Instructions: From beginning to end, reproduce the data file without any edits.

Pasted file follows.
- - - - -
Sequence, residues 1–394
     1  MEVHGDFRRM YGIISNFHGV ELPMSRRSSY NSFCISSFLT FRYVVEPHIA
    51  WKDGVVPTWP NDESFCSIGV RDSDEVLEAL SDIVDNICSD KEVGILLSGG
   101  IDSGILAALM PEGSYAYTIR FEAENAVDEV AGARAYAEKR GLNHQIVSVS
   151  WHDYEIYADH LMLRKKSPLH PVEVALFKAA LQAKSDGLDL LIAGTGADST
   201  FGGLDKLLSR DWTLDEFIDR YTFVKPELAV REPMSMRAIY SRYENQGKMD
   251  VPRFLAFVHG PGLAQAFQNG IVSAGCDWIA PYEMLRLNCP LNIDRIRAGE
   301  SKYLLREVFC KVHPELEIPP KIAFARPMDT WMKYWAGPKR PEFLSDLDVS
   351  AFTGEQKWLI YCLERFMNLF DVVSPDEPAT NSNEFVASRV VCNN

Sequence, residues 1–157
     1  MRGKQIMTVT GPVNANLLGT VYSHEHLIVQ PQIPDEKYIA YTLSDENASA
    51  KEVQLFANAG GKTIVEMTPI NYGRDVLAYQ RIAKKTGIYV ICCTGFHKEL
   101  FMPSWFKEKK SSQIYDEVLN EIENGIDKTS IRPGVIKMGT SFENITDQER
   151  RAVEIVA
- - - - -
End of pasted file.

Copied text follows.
Sequence, residues 1–394
     1  MEVHGDFRRM YGIISNFHGV ELPMSRRSSY NSFCISSFLT FRYVVEPHIA
    51  WKDGVVPTWP NDESFCSIGV RDSDEVLEAL SDIVDNICSD KEVGILLSGG
   101  IDSGILAALM PEGSYAYTIR FEAENAVDEV AGARAYAEKR GLNHQIVSVS
   151  WHDYEIYADH LMLRKKSPLH PVEVALFKAA LQAKSDGLDL LIAGTGADST
   201  FGGLDKLLSR DWTLDEFIDR YTFVKPELAV REPMSMRAIY SRYENQGKMD
   251  VPRFLAFVHG PGLAQAFQNG IVSAGCDWIA PYEMLRLNCP LNIDRIRAGE
   301  SKYLLREVFC KVHPELEIPP KIAFARPMDT WMKYWAGPKR PEFLSDLDVS
   351  AFTGEQKWLI YCLERFMNLF DVVSPDEPAT NSNEFVASRV VCNN

Sequence, residues 1–157
     1  MRGKQIMTVT GPVNANLLGT VYSHEHLIVQ PQIPDEKYIA YTLSDENASA
    51  KEVQLFANAG GKTIVEMTPI NYGRDVLAYQ RIAKKTGIYV ICCTGFHKEL
   101  FMPSWFKEKK SSQIYDEVLN EIENGIDKTS IRPGVIKMGT SFENITDQER
   151  RAVEIVA